Increasing the Dataguard Protection Level

I thought I understood testing. Before I run anything in my production environment, I’m utterly strict that I test in a non-production environment first. Does not matter where that change comes from, it is always run into test first. This naturally includes any changes at the database level, rather than just inside a particular schema.

When I have a set of instructions or steps to take the database from one particular environment, or to install a particular feature, I don’t tend to test just 1/2 the steps, but generally, if I have a sequence of steps I tend to test the entire sequence.

Recently, I’ve been working on a project to increase the protection level of a dataguard environment from Maximum Performance to Maximum Availability. This is a 10gR2 environment, so I pull up the 10gR2 dataguard documentation. To me, the steps seem pretty clear. Let me highlight step 1:

Step 1 If you are upgrading the protection mode, perform this step.

Perform this step only if you are upgrading the protection mode (for example, from maximum performance to maximum availability mode). Otherwise, go to Step 3.

Assume this example is upgrading the Data Guard configuration from the maximum performance mode to the maximum availability mode. Shut down the primary database and restart it in mounted mode:

SQL> SHUTDOWN IMMEDIATE;
SQL> STARTUP MOUNT;

It’s clear right? To upgrade the protection level, you have got to shutdown the instance and have it in the mount mode. I would not just run this in production, I’d always want to test these steps in my test infrastructure that was the same environment as my production setup. Question is, would anyone test upgrading the protection level, but just skip this step? Would it really occur to someone, oh, I wonder if I can just skip this first step and keep my instance up and running?

It did not occur to me, but then I read the (excellent) Oracle Data Guard 11g Handbook by Larry Carpenter, et. al. It’s pretty explicit that you don’t need to shutdown your instance!

availability2

The above was run on a 10.2.0.4 instance. I’d already set the log_archive_dest_n to a LGWR SYNC mode. One thing to note, you must explicitly set AFFIRM here as well, it’s not good enough just using LGWR SYNC, as NOAFFIRM is the default and this leads to the protection_level being in continual resynchronization.

Resynchronization occurs when you first increase the protection_mode or when there is a network outage. It means your configuration is effectively at that point running in maximum performance, and while the protection_level is not at maximum availability the potential exists for data loss.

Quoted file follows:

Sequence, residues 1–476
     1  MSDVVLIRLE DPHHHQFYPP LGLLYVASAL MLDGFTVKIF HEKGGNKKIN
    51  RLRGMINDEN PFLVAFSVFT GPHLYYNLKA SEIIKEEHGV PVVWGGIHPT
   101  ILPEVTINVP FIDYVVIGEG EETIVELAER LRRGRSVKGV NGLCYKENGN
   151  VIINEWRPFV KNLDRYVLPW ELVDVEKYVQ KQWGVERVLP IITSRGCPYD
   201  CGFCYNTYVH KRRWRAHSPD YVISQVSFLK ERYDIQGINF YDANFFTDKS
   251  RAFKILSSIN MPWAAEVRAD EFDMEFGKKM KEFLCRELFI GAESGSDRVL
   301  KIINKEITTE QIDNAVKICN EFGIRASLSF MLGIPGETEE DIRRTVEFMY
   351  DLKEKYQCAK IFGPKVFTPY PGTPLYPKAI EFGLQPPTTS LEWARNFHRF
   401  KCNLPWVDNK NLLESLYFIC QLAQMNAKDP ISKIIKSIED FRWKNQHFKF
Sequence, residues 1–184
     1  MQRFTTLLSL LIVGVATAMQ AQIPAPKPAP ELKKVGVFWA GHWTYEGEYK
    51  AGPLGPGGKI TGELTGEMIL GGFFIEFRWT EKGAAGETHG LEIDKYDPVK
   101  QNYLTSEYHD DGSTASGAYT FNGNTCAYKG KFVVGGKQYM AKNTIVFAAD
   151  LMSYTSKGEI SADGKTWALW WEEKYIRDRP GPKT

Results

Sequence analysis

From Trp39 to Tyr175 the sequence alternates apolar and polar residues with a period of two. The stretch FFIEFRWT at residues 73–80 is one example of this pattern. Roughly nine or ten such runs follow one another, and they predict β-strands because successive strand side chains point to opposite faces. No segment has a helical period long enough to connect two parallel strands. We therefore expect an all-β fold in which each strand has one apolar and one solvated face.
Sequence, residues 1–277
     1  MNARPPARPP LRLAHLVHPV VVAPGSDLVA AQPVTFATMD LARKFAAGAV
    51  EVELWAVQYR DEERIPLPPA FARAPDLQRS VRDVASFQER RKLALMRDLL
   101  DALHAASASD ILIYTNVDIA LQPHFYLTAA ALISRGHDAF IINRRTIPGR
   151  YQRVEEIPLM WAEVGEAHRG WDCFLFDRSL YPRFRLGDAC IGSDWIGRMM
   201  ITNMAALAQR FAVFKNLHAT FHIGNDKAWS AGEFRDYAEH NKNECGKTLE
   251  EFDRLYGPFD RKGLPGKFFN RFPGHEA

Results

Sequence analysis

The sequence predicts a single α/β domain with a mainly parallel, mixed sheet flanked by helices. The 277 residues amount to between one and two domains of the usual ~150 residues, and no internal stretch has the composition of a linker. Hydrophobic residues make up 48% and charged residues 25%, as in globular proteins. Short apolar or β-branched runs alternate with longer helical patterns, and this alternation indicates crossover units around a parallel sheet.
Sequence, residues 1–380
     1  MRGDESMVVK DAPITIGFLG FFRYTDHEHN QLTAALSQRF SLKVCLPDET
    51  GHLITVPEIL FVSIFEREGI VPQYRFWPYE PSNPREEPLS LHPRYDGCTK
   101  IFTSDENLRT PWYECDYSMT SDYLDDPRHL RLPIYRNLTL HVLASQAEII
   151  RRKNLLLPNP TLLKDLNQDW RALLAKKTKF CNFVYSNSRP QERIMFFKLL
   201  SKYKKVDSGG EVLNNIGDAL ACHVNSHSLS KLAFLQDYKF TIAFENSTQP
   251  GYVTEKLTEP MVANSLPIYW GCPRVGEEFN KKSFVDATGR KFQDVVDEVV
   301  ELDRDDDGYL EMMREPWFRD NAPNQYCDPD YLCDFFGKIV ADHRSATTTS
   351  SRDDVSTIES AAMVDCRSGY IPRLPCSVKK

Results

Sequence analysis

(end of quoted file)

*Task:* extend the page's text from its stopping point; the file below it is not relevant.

This really does contradict the documentation so this has been a really useful find for me, as just following the documentation would have led to me having to take downtime on my RAC cluster. It has always been the case that you can drop the protection level without incurring downtime. Note to go all the way to MAXIMUM PROTECTION still requires the database to be in the mounted state.

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6 Comments

  1. Larry Carpenter

     /  November 2, 2009

    Hi,

    Well, as the book title says “Undocumented Best Practices and Real-World Techniques”, there will be things in the book that do not necessarily agree with the documentation because the manuals can’t be updated once the version releases. You have hit one of those which is why I made sure to make note of it in the book for the exact reason you stated – “as just following the documentation would have led to me having to take downtime on my RAC cluster”.

    This was something that was fixed in 10.2.0.3 I believe (it might have been 10.2.0.4) and in 11.1.0.6 but the we could not update the 10g manual and we missed that in the 11g manual. It has been fixed in the 11.2 manual.

    Also, as of 11.2 you can go directly to Maximum Protection without down time as long as your Primary was already at Maximum Availability, which just means you have to follow a two step process.

    Hope this helps. Glad you liked the book.

    Larry

    Reply
  2. jarneil

     /  November 2, 2009

    Hi Larry,

    Thanks for reading!

    I meant to say a big thanks for this information at OpenWorld, but did get the chance to question some of your people managing the Dataguard booth.

    Hope to see you in Birmingham!

    I never knew that the manuals could not be updated after release.

    Loved the book :-) (always thought there was a gap in market for an HA book). Full review coming! ;-)

    jason.

    Reply
  3. Larry Carpenter

     /  November 3, 2009

    Cool! I will be in Birmingham (UK) for UKOUG! See you there.

    Larry

    Reply
  4. Jagjeet Singh

     /  November 4, 2009

    Hi Jason,

    I am not able to recall properly, but somewhere I read if your standby has not been opened as read only
    then you do not need to shutdown … otherwise it’s required.

    Do you think you can check this out as well ?

    Regards,
    Jagjeet Singh

    Reply
  5. jarneil

     /  November 4, 2009

    Hello Jagjeet,

    I assume you mean if your doing a switchover/failover to a standby, then yes it does not need to be shutdown, if it’s not open read-only.

    jason.

    Reply
  6. Larry Carpenter

     /  November 4, 2009

    As of 11.1 it no longer necessary to shutdown the standby after a switchover even if it has been open read only since it was last started. In 10g you do need to bounce if the standby was open read only since it was started after you finish the switchover/failover.

    Reply

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